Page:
"Architectural masonry is the evolvement of standard concrete masonry blocks into aesthetically pleasing concrete masonry units (CMUs)".[5] CMUs can be manufactured to provide a variety of surface appearances. They can be colored during manufacturing or stained or painted after installation. They can be split as part of the manufacturing process, giving the blocks a rough face replicating the appearance of natural stone, such as brownstone. CMUs may also be scored, ribbed, sandblasted, polished, striated (raked or brushed), include decorative aggregates, be allowed to slump in a controlled fashion during curing, or include several of these techniques in their manufacture to provide a decorative appearance.[6]

"Glazed concrete masonry units are manufactured by bonding a permanent colored facing (typically composed of polyester resins, silica sand and various other chemicals) to a concrete masonry unit, providing a smooth impervious surface."[7]

Glass block or glass brick are blocks made from glass and provide a translucent to clear vision through the block.

Veneer masonry

A masonry veneer wall consists of masonry units, usually clay-based bricks, installed on one or both sides of a structurally independent wall usually constructed of wood or masonry. In this context, the brick masonry is primarily decorative, not structural. The brick veneer is generally connected to the structural wall by brick ties (metal strips that are attached to the structural wall, as well as the mortar joints of the brick veneer). There is typically an air gap between the brick veneer and the structural wall. As clay-based brick is usually not completely waterproof, the structural wall will often have a water-resistant surface (usually tar paper) and weep holes can be left at the base of the brick veneer to drain moisture that accumulates inside the air gap. Concrete blocks, real and cultured stones, and veneer adobe are sometimes used in a very similar veneer fashion.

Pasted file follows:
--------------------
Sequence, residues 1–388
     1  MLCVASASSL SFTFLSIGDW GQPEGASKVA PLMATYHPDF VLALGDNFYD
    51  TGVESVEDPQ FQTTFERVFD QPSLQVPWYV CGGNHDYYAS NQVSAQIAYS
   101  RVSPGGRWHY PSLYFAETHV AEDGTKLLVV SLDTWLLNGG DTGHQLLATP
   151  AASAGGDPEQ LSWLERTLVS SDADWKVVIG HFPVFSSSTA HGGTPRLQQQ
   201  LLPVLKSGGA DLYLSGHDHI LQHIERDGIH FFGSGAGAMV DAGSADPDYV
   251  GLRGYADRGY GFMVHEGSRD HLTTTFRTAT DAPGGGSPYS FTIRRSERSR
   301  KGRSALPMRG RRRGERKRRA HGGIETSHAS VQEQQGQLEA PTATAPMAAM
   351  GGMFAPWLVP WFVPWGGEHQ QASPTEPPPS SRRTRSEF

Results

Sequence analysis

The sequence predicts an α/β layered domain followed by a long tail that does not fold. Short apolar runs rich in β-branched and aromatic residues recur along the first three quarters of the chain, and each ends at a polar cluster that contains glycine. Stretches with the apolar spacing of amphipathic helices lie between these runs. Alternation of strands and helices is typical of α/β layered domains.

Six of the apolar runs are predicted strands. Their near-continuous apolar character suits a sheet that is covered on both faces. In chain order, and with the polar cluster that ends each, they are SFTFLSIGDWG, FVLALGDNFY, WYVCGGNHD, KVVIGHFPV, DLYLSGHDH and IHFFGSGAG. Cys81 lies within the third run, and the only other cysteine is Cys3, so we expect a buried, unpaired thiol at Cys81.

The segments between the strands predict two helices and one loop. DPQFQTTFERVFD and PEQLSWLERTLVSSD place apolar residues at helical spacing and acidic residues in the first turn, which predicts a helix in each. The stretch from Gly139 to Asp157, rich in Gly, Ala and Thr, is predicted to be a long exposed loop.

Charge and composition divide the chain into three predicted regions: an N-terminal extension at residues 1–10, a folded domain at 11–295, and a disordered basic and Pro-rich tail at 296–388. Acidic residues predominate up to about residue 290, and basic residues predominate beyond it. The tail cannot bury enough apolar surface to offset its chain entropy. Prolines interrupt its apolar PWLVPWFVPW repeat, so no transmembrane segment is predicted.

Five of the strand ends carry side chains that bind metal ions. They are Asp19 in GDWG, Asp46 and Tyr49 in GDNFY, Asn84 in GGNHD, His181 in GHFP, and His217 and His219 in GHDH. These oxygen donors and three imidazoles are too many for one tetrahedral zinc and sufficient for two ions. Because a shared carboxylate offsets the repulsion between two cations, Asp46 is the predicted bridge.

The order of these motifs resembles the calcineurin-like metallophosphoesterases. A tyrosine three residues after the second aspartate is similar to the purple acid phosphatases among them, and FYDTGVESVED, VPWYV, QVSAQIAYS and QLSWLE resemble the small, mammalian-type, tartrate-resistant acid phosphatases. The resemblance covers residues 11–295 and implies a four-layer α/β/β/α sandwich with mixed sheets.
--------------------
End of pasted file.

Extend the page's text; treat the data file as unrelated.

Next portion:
Most insulated buildings that use concrete block, brick, adobe, stone, veneers or some combination thereof feature interior insulation in the form of fiberglass batts between wooden wall studs or in the form of rigid insulation boards covered with plaster or drywall. In most climates this insulation is much more effective on the exterior of the wall, allowing the building interior to take advantage of the aforementioned thermal mass of the masonry. This technique does, however, require some sort of weather-resistant exterior surface over the insulation and, consequently, is generally more expensive.


Gabion Wall

Gabions are baskets, usually now of zinc-protected steel (galvanized steel) that are filled with fractured stone of medium size. These will act as a single unit and are stacked with setbacks to form a revetment or retaining wall. They have the advantage of being well drained, flexible, and resistant to flood, water flow from above, frost damage, and soil flow. Their expected useful life is only as long as the wire they are composed of and if used in severe climates (such as shore-side in a salt water environment) must be made of appropriate corrosion-resistant wire. Most modern gabions are rectangular.